Sweet Country



Ticket Prices
General Public:$8.50
Student w/ID (Box Office Only):$6.00
Film Info
Program:New Releases
Culture & Society
Historical Drama
Release Year:2017
Runtime:113 min
Awards:Special Jury Prize - Venice Film Festival
Platform Prize - Toronto International Film Festival
Best Film - Asia Pacific Screen Awards
Print Source:Samuel Goldwyn Films
Director:Warwick Thornton
Producer:Greer Simpkin
David Jowsey
Cinematographer:Warwick Thornton
Screenwriter:David Tranter
Steven McGregor
Editor:Nick Meyers
Principal Cast:Bryan Brown
Hamilton Morris
Thomas M. Wright
Ewen Leslie
Natassia Gorey-Furber
Gibson John
Matt Day
Anni Finsterer
Tremayne Doolan
Trevon Doolan
Sam Neill
Filmography:Samson & Delilah ('09)
The Darkside ('13)
We Don't Need a Map ('17)


Self-defense turns deadly, spurring a man to flee into the Australian Outback in this enthralling period drama from director Warwick Thornton. Based on true events, the film tells the story of Sam Kelly (Hamilton Morris), an Aboriginal stockman living and working on the land of a preacher (played by Sam Neil) in the settler territories of Northern Australia in 1929. As luck would have it, Sam is accosted by a drunken war vet, and, in the chaos, kills the man in self-defense. Sam is certain that the justice of the settlers will not be in his favor, so he and his wife Lizzie escape into the Outback. Close behind are Sergeant Fletcher and his band, including an Aboriginal tracker named Archie, posing threats from which Sam may eventually run out of places to hide.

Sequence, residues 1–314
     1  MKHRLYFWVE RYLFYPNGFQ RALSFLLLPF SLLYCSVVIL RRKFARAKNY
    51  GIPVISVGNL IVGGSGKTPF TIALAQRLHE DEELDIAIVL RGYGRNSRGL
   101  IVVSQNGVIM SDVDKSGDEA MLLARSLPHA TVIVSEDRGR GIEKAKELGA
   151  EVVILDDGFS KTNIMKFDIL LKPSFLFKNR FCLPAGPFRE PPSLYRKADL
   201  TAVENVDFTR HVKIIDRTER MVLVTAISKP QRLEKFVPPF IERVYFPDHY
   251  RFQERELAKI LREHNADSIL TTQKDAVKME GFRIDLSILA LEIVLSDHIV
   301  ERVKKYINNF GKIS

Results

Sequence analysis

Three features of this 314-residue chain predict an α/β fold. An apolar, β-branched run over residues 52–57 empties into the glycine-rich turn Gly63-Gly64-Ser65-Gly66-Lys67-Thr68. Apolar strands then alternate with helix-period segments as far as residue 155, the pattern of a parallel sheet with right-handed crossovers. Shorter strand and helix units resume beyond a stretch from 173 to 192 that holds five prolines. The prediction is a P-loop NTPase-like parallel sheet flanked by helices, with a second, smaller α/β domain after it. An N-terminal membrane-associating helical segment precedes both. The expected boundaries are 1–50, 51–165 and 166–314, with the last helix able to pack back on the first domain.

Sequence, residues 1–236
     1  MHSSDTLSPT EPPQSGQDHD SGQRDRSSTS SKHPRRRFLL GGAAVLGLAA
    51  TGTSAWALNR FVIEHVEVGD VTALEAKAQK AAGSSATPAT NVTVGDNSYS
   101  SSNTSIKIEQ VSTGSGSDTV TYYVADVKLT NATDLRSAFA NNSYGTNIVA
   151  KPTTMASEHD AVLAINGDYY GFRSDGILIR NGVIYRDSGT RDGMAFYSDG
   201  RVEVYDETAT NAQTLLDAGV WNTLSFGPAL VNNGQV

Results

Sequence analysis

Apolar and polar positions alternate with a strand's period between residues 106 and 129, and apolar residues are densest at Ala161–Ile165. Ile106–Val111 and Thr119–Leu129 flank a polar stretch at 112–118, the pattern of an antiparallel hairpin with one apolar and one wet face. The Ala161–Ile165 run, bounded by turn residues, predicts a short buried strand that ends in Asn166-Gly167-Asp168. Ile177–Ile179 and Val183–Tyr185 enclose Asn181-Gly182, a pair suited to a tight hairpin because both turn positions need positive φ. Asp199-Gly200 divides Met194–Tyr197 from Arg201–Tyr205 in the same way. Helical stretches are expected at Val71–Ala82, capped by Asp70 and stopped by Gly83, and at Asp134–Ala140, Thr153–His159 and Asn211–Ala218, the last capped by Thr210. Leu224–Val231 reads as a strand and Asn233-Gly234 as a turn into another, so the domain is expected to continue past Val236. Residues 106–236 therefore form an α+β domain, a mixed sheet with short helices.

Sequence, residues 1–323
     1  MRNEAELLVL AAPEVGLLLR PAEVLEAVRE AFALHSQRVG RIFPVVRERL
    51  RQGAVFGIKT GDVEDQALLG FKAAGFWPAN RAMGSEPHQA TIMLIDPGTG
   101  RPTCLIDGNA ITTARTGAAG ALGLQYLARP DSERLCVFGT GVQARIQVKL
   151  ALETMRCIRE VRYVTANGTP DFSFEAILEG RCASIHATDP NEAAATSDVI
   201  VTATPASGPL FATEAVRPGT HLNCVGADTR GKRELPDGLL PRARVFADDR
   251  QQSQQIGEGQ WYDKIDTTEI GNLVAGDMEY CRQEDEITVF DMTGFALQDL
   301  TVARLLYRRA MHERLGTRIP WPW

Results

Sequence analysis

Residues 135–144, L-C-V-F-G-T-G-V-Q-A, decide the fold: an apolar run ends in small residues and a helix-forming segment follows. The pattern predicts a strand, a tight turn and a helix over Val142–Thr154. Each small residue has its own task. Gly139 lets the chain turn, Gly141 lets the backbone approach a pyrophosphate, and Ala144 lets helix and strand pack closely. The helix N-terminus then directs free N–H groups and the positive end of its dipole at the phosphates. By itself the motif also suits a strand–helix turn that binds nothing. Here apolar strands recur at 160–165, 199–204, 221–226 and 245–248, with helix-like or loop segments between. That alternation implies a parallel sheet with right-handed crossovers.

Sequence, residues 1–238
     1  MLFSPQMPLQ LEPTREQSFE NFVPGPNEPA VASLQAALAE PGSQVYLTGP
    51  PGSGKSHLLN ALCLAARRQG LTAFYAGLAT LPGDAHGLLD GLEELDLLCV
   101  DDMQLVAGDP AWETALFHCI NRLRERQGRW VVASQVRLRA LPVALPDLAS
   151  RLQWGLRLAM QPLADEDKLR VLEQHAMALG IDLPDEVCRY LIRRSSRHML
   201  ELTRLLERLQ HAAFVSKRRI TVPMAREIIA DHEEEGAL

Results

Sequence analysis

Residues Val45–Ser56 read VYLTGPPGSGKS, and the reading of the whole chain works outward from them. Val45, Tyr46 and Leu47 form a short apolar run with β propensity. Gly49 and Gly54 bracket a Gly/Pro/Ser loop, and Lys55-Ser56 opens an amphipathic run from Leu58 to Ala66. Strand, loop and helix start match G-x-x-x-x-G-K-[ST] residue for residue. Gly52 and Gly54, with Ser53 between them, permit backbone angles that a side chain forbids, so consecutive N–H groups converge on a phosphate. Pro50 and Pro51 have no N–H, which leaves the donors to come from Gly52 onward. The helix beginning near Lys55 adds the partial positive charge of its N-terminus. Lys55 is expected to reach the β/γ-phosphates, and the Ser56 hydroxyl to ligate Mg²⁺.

Director Biography

Warwick Thornton Australian-born filmmaker Warwick Thornton first feature-film was Samson and Delilah (’09), which earned him the Cannes Film Festival’s Camera d’Or prize. Thornton is an alumnus of the Australian Film, Television and Radio School, having majored in cinematography. He is an accomplished cinematographer and is known for short films Green Bush (’05) and Nana (’07).


"Spare, deliberately paced, and almost Biblical in its search for moral justice in a harsh and lawless landscape." - Entertainment Weekly

"Around this spare story...director Warwick Thornton constructs a searing indictment of frontier racism as remarkable for its sonic restraint as its visual expansiveness." - New York Times

"A bleak story presented with great style, it's a finely made Australian western that demonstrates the malleability of that most American of genres as well as the impressive gifts of Indigenous filmmaker Warwick Thornton." - Los Angeles Times


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